6 Steps to a Successful (B2B) Direct Marketing Campaign

A current campaign I’’m involved with got me thinking about my roots in consumer direct marketing. Whenever we launch a campaign that relies heavily on direct, I’’m reminded that the rules in business-to-business direct marketing are really the same as they are in the consumer space. Granted, the overarching differences between the two disciplines are still present and should be considered (e.g. committee buying/decision-making in b2b vs. a solo decision in b2c), but when you strip it down, the similarities are crystal clear.

Mr. Zip

  1. State Your Objective: Generally, one objective per mailing is best and should be the very first thing you do. Are you trying to generate leads, nurture leads, cross-sell to existing customers, or otherwise retain them? Establishing a clear objective at the onset will lead you down the path of a sound campaign.
  2. Know Your Audience: Aligned with your objective, knowing your audience is crucial for any direct campaign. Figuratively, you’’ll want to know what types of people make up your target list, and communicate accordingly. Are you targeting in-house prospects, or a rented list? Current or inactive customers? Senior VPs or CEOs? Teenagers or housewives? In the literal sense, you’’ll want to make sure your mailers are addressed properly, and include as much personalization as possible.
  3. Create Compelling Copy & Offers: Why should I buy your product, let alone respond? Aside from any level of personalization, which can only increase response, compelling copy begins with developing a unique selling proposition (USP) that speaks to your target audience. A successful USP is one that promises to solve a problem and makes life better, easier, or otherwise addresses the “What’’s in it for me?” question from your target audience. For most products and services, a compelling USP will only generate so much response, so identify any number of offers that can be tied into your campaign. Your offers should be relevant and continually tested. If your budget will not allow for big-ticket items, free trials or even introductory discounts, think about free information or content you can offer (this is especially effective in b2b).
  4. Make it Easy to Respond: Following a clearly stated call-to-action that specifies how you would like your target to respond, give them as many options for responding as appropriate – toll-free number, postage-paid envelope, URL, etc. Not too long ago, offering multiple response options would have been frowned upon because the age-old rule was that more choices equates to a lower response. Times have changed; people expect a choice, and not having a preferred response channel could decrease response. Now, is there anything else you can do to make it easy for your prospect/customer to respond? OK, do it.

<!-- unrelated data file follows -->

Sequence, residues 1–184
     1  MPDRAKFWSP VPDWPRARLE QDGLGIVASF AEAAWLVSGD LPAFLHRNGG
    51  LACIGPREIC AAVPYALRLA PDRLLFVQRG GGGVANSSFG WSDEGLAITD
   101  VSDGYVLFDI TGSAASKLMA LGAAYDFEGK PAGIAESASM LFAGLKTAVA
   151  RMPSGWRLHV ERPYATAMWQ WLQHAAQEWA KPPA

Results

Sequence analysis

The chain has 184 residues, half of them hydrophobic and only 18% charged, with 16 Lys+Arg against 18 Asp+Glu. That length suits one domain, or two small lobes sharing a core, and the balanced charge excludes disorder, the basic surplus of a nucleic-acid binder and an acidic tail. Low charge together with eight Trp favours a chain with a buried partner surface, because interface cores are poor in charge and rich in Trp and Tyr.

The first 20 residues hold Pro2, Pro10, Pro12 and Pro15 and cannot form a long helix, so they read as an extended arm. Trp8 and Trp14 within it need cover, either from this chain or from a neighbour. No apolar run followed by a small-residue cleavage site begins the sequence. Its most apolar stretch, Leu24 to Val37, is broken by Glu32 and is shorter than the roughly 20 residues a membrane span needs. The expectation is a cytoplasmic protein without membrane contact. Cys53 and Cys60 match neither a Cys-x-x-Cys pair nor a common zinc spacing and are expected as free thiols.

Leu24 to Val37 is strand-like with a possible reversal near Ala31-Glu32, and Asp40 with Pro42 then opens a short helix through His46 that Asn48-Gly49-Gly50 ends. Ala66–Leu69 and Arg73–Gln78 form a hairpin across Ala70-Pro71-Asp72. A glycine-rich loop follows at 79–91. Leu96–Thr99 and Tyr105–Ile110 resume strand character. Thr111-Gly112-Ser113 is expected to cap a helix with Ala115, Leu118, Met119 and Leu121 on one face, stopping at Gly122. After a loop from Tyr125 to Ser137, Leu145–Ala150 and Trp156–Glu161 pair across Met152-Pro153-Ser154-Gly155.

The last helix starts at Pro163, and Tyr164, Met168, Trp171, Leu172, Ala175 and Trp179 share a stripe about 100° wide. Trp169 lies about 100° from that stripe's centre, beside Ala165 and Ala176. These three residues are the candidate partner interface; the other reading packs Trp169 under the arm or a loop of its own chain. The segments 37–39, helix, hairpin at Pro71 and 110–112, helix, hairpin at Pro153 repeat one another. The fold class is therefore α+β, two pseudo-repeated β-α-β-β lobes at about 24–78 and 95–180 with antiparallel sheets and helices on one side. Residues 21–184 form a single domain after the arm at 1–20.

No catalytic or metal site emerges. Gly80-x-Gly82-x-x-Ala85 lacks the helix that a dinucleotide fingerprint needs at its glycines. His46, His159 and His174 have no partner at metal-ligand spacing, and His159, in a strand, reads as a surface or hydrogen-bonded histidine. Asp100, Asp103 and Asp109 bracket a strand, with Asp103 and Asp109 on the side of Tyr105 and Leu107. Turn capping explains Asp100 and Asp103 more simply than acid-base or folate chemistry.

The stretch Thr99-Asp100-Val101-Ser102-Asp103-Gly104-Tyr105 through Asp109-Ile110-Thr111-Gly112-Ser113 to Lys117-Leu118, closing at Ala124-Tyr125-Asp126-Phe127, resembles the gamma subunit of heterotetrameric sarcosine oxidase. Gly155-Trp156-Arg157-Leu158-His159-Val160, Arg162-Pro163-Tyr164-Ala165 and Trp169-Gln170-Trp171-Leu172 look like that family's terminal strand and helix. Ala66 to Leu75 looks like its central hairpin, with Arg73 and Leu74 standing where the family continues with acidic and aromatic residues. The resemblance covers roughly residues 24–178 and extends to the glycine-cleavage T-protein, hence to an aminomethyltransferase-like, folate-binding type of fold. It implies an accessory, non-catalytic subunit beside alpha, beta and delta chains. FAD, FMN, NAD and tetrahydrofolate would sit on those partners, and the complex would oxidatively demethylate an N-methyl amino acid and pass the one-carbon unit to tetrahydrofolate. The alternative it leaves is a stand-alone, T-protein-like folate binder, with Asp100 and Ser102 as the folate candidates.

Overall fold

5. Maintain Continuity: Regardless of your business or cause, you must extend a consistent brand identity (messaging, logo, design, etc.) across all channels, and direct is no exception.  Chances are, your direct efforts will overlap another campaign channel. Each of these impressions to your brand has a cumulative effect that, over time, can lead to increased recognition and recall that can make a positive impact on your response. You’’ll only see these benefits if you’’re consistent with how you present your brand identity.
  6. Test, Test, Test: If you can think of a variable, it may be worth testing. A/B split and 2×2 testing are common tests for direct mail, and include examining things such as the creative, the copy, the offer, the list, etc. However, before you begin, make sure you know how much of a response you’’ll need from your test to break even, and make sure the sample size of your test group will be large enough to yield results that are statistically significant. This is what you’’re supposed to do. With b2b direct, the reality is that you’’re often dealing with a universe under 10,000, so “statistically significant” isn’’t achievable, and therefore can’’t be guaranteed to perform the same if rolled out. In cases like these, you have to be that much more selective about what to test, and you’’ll probably also want to be more frugal with your split if you have a dominant control piece.

In true direct form, you could analyze and segment each of these steps to create an even longer list, and while every effort was made to consolidate for easier consumption, I would like to hear your thoughts or experiences.

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